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WordPress as a CMS part II

A while ago we posted an article about using WordPress as a Knowledgebase.   We wanted to revisit that article and also expand on a few things including plugins that work really well to make your knowledgebase as powerful as possible.

If you don’t have the money to invest in licenses or hardware for Sharepoint, there are a lot of reasons that you might want to take a look at WordPress for your CMS or even company intranet.  With each new rendition of WordPress, the platform is becoming more and more powerful as a CMS and the seemless integration of plugins and themes that you have access to with the platform. 

WordPress has such a huge community of support of developers and end users that frankly far surpasses what is out there for Sharepoint.  Something that a lot of IT admins or professionals will find themselves doing is setting up either a Knowledge base or Intranet type website for their own departmental concerns or other company information sharing purposes.

There are a lot of phenomenal plugins out there for WordPress that extend the already very good functionality built in to make incredible KB or Intranet websites.  With WordPress 3.0, the really upped the game to a more professional CMS line of functionality, making file integration and media insertion much easier and more powerful. 

As WordPress touts, it literally takes about 5 minutes to get a new WordPress website up and running from creating the DB to setting up your hostname and Website information.  With more and more demands on IT professional’s time, we are constantly looking for ways to improve and streamline the way we do things.  This type of timeframe is certainly not possible with Sharepoint as it can literally take hours to get everything setup for an initial configuration.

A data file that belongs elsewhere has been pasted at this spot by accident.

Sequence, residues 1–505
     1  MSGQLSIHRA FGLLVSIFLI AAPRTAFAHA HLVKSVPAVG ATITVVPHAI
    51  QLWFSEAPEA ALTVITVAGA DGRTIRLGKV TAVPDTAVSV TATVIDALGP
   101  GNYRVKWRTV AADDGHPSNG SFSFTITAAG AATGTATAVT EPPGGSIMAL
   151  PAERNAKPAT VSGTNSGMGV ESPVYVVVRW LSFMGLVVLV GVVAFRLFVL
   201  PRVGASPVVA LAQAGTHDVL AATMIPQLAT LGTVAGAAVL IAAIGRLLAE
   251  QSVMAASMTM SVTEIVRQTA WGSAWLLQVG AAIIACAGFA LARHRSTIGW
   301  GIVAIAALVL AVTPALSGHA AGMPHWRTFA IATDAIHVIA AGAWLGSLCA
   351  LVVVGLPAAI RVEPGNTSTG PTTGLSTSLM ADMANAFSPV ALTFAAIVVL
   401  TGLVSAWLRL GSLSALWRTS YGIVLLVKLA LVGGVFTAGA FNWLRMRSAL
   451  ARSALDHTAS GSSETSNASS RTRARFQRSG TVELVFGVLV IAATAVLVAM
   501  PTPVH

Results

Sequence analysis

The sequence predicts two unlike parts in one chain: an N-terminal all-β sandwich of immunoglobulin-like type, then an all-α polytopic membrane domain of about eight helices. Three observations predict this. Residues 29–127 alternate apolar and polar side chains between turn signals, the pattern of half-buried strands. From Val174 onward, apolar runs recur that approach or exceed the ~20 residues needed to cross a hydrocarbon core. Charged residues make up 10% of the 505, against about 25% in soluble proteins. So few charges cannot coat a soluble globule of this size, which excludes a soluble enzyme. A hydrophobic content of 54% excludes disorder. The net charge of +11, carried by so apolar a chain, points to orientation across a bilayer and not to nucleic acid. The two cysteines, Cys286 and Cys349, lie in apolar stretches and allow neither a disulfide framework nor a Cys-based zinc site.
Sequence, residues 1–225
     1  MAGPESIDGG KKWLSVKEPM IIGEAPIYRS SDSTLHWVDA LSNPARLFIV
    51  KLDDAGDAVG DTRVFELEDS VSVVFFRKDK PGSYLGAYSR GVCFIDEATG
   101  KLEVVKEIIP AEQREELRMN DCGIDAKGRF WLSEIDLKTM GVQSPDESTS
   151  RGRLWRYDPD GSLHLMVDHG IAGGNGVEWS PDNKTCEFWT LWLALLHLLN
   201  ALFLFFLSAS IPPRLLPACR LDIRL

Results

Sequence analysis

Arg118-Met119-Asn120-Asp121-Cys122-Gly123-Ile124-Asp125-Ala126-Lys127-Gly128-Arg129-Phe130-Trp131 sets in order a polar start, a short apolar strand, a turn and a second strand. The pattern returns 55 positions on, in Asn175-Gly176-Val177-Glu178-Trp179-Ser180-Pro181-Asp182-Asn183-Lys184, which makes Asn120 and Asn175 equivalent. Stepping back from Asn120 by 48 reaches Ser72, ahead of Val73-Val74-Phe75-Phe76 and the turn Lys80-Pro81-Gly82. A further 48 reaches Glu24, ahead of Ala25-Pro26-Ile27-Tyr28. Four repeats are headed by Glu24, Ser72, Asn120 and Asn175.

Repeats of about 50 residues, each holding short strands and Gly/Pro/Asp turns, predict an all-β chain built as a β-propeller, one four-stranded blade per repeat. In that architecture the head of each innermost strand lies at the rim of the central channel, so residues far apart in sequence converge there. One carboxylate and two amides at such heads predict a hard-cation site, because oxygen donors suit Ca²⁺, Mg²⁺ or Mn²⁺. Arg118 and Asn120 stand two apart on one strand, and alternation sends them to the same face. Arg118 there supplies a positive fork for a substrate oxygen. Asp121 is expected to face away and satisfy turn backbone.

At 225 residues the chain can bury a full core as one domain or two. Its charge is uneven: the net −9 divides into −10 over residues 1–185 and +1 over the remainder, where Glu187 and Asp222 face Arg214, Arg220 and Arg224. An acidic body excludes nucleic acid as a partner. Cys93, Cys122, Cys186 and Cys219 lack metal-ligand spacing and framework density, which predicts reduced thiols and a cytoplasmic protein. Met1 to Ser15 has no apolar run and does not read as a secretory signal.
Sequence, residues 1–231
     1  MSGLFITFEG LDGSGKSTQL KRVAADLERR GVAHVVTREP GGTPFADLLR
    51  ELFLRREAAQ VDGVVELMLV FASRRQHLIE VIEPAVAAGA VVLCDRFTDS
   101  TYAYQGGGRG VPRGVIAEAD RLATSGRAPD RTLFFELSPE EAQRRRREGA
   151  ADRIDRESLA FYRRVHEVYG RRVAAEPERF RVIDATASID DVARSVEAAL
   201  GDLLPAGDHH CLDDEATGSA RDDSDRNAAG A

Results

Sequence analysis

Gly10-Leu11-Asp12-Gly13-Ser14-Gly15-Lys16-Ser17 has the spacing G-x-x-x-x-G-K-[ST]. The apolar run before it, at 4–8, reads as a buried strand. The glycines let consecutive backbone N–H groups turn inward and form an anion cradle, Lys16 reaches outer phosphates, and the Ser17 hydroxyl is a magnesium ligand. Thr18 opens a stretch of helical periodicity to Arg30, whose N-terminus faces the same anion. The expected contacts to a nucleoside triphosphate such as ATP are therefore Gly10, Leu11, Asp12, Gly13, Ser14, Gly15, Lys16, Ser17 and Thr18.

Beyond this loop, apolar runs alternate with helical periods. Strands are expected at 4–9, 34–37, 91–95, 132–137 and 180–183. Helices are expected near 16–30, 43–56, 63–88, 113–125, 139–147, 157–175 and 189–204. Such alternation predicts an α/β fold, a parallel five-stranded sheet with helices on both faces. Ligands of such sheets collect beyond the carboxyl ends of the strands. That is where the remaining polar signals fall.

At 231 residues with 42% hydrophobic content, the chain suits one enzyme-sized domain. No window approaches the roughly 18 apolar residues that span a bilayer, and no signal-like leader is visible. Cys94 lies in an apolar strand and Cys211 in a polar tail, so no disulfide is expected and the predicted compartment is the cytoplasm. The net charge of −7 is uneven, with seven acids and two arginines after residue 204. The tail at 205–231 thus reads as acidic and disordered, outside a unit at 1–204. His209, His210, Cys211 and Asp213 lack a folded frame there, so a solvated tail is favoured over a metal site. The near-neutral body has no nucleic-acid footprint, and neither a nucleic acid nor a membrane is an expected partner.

Okay so enough of the comparisons.  We know that Sharepoint still has its place in the enterprise.  However, we want all of you to be aware of the power you can obtain by a simple WordPress site acting as a departmental Knowledgebase and contacts repository.


The main feature of WordPress that we want to highlight for the knowledgebase purpose is that there are many powerful plugins that extend the default WordPress capabilities to allow for a much more powerful platform to house your KB.  In addition to the part one post of using WordPress as a CMS and the plugins recommended there, below are a few other powerful plugins that allow you to customize and add to your WordPress capabilities in line with a KB system.

  • Custom Logo – This allows you to place a custom logo on the login page to match the branding of your enterprise or department
  • Post Notification – This is a great plugin that allows you to setup users/email addresses to be notified when new posts are added to your site.  This works great for a KB site that you want to notify all users of new how-to articles that may be of use to the entire group.  A user can subscribe to all or select category posts depending on their needs.
  • Quick Cache – This is a small caching plugin we like because it isn’t too deeply embedded into your WP install and it provides noticeable performance improvements
  • WP Contacts Directory – This is a really cool plugin that allows you to have a built in contacts directory that is searchable and can be categorized based on custom categories you specify and setup to make your contacts fully searchable.

Final Thoughts

Using the above plugins, you can successfully implement a VERY powerful intranet and knowledgebase solution.  We have had several clients that have been more than satisfied and impressed with WordPress features, extensibility, scalability, etc.  It is a very modular system that is easily customizable to fit individual and organizational needs.

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